Last year while visiting my uncle he was extremely proud of the fact that he set up his home network which involved voice command theater systems and multiple access points all by himself.  The first thing I noticed was the SSID (Network ID you see when you search) was still default.  I suspected that meant that other things were left as default as well.  Sure enough I, and everyone who could use Google search, was an admin on his router.  His iPad somehow stopped working on that router while I was sitting one chair away.  "How did you hack my network?" was his question.  I replied that the pejorative word "hack" was implicit that I did something that I did not have the proper credentials to do.  Given that context of using all his default settings and me knowing what they were, I was in fact his network admin at that given time.


The same approach to credentials testing was applied to my experiment years earlier.  I realized in several hours of an afternoon I had access to over a dozen business networks in a 4 block span.  I knew the owner of one business really well.  I showed him that I had access to all of his POS equipment,  accounting computers, even his iPhone.  I pointed out to him that my level of expertise is limited to listening to a guy with more expertise on the topic talk once and awhile, combined with being able to Google things.  He admitted that he had thought his expertise which consisted of running a setup disc was good enough.  He hired his POS provider (who found this networking skill to be a logical extension of the POS business) to secure his network.  As I sit here and type on his Guest network everyone is happy and he has the piece of mind that an expert is in charge, his POS provider.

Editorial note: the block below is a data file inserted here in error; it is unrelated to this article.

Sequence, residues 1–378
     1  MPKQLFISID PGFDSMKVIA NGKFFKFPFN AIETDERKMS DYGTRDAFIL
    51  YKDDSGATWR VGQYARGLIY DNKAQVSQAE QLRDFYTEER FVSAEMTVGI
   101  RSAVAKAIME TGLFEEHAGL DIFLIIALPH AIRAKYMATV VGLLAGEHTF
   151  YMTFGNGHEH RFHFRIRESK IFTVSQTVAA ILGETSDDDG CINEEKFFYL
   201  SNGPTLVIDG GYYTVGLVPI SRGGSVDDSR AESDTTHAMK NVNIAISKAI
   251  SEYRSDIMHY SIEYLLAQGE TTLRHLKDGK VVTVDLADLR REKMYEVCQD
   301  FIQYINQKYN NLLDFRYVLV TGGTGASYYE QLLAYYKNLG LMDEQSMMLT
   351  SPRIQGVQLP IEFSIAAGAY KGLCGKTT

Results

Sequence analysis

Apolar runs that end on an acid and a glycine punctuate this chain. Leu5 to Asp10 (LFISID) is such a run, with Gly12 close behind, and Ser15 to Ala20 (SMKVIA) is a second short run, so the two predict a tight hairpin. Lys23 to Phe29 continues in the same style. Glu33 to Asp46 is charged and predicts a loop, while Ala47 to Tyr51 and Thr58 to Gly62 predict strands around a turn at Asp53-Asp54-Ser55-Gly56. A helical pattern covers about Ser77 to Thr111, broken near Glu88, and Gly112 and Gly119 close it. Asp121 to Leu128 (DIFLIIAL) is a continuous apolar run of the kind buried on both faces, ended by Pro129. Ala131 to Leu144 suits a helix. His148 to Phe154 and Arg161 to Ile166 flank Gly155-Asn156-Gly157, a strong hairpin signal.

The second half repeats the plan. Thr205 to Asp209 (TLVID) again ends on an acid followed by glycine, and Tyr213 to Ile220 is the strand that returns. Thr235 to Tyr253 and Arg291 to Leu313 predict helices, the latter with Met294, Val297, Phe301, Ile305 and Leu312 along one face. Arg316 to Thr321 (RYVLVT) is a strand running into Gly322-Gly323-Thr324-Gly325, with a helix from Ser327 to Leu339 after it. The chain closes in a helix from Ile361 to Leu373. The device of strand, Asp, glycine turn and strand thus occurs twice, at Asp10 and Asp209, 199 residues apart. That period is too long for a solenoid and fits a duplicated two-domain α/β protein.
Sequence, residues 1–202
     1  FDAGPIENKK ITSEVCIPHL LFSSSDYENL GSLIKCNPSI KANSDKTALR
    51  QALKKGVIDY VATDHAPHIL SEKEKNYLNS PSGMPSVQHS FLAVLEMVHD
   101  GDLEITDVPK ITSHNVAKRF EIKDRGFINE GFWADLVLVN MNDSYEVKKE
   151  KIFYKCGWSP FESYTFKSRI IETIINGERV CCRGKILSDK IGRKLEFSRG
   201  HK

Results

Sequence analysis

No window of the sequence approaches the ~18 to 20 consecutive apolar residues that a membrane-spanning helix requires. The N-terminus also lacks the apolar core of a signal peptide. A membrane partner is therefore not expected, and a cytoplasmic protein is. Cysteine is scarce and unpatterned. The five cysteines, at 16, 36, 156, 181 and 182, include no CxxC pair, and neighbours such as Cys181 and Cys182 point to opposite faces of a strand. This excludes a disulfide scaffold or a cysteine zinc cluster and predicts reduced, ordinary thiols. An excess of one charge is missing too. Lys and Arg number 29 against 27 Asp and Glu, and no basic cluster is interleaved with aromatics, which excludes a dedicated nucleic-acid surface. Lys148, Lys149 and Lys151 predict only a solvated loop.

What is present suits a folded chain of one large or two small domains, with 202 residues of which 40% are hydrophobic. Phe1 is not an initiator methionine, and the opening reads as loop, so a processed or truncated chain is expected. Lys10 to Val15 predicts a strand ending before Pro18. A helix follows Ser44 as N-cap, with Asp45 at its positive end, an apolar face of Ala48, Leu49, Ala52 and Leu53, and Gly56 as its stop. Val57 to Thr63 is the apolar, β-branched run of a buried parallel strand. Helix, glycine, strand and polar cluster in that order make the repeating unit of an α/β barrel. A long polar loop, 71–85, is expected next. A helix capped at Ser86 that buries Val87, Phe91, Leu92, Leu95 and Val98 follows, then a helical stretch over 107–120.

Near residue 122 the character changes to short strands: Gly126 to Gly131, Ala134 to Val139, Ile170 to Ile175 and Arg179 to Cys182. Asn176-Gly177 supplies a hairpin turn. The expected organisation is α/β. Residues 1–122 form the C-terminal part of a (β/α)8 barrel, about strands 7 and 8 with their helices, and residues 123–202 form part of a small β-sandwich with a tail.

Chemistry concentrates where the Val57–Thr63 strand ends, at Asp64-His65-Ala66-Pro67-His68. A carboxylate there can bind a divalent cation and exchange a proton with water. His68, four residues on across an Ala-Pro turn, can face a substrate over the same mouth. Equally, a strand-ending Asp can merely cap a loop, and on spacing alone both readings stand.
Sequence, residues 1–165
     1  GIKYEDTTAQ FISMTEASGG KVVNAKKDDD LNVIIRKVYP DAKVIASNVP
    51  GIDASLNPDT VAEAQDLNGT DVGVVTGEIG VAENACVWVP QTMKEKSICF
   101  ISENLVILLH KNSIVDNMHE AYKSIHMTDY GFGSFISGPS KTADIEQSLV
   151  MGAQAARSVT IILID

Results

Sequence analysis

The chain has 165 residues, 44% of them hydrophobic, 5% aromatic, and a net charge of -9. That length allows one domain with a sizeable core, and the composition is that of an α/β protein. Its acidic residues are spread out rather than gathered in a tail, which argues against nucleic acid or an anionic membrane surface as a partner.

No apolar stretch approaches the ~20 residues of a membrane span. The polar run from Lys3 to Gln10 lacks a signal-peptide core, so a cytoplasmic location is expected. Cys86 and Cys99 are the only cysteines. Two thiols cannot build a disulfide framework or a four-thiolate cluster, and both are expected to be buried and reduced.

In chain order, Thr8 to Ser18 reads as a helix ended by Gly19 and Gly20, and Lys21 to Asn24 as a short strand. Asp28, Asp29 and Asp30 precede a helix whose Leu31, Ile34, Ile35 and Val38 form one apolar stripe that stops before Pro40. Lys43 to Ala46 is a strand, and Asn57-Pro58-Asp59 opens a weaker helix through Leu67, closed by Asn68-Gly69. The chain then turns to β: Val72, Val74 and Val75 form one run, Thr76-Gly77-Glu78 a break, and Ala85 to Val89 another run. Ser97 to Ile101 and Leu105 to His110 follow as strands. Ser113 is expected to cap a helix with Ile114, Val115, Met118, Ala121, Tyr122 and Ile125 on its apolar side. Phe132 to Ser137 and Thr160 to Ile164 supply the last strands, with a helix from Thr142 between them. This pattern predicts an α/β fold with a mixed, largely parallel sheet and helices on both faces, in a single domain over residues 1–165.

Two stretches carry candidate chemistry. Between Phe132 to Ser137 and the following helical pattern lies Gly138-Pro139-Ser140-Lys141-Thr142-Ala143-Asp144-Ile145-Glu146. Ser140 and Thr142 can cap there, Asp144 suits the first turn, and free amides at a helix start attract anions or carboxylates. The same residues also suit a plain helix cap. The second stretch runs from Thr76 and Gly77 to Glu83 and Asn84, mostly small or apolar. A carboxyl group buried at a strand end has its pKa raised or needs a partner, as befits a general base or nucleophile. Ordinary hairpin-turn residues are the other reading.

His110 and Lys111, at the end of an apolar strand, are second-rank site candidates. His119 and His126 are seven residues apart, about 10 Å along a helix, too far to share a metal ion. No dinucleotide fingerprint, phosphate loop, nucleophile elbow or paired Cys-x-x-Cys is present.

In a way my business owner friend and I are a great example of perspectives on expertise.  Many of my friends think of me as an authoritative mountain biker.  My friend raced with me in college and while I could kick his backside then, he developed his niche expertise to go professional for several years.  This example is important to understand when the average business owner thinks the network (an extension of their POS)  requires only their level of expertise.  The business owner can the best hitter in their summer softball league.  As good as his level of expertise is, there is a whole world of A, AA, AAA, and MLB pitchers out there that can strike him out from their desk chair.


In a world of Major League pitchers it is really important where we understand ourselves to be as far as expertise within our niche, and where it makes sense, improve it.  Although, I started as a novice in the area of networking, I consistently try to improve to stay ahead or in line with the needs of the businesses relying on our niche.  I see everyday that many of the people I work with are doing the same.  The trust of the business owners most days depends on our expert opinion.  In the world of payments we need to write like Tolkien, pitch like Koufax, or at least strive to do so every day.


I like Ben Franklin.  He said, "An investment in knowledge pays the best interest."  I like to think he was talking about expertise.  I want to think he was talking about our niches in business environments.  I hope he was suggesting we take our niche and become the best experts we can.  I know we was drinking a beer when he wrote it.


Immortal Technology

Posted by zkurka Aug 19, 2016